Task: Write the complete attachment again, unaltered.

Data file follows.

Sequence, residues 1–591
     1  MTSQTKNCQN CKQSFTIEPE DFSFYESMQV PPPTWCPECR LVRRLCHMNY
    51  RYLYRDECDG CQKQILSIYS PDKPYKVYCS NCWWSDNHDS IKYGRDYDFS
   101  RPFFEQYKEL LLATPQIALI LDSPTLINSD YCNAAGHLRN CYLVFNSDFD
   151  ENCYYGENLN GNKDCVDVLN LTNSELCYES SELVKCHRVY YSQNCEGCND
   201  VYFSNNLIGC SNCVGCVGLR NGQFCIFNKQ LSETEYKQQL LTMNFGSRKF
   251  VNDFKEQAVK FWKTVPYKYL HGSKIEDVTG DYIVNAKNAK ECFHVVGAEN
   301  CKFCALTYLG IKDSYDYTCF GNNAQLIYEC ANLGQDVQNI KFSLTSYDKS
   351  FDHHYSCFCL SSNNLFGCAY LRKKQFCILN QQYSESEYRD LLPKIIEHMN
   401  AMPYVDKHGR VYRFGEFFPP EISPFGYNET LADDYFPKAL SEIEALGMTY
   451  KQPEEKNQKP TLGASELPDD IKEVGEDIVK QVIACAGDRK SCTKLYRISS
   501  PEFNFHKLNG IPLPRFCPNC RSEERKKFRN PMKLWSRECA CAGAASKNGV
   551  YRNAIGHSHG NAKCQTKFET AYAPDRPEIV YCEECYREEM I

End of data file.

Sequence, residues 1–591
     1  MTSQTKNCQN CKQSFTIEPE DFSFYESMQV PPPTWCPECR LVRRLCHMNY
    51  RYLYRDECDG CQKQILSIYS PDKPYKVYCS NCWWSDNHDS IKYGRDYDFS
   101  RPFFEQYKEL LLATPQIALI LDSPTLINSD YCNAAGHLRN CYLVFNSDFD
   151  ENCYYGENLN GNKDCVDVLN LTNSELCYES SELVKCHRVY YSQNCEGCND
   201  VYFSNNLIGC SNCVGCVGLR NGQFCIFNKQ LSETEYKQQL LTMNFGSRKF
   251  VNDFKEQAVK FWKTVPYKYL HGSKIEDVTG DYIVNAKNAK ECFHVVGAEN
   301  CKFCALTYLG IKDSYDYTCF GNNAQLIYEC ANLGQDVQNI KFSLTSYDKS
   351  FDHHYSCFCL SSNNLFGCAY LRKKQFCILN QQYSESEYRD LLPKIIEHMN
   401  AMPYVDKHGR VYRFGEFFPP EISPFGYNET LADDYFPKAL SEIEALGMTY
   451  KQPEEKNQKP TLGASELPDD IKEVGEDIVK QVIACAGDRK SCTKLYRISS
   501  PEFNFHKLNG IPLPRFCPNC RSEERKKFRN PMKLWSRECA CAGAASKNGV
   551  YRNAIGHSHG NAKCQTKFET AYAPDRPEIV YCEECYREEM I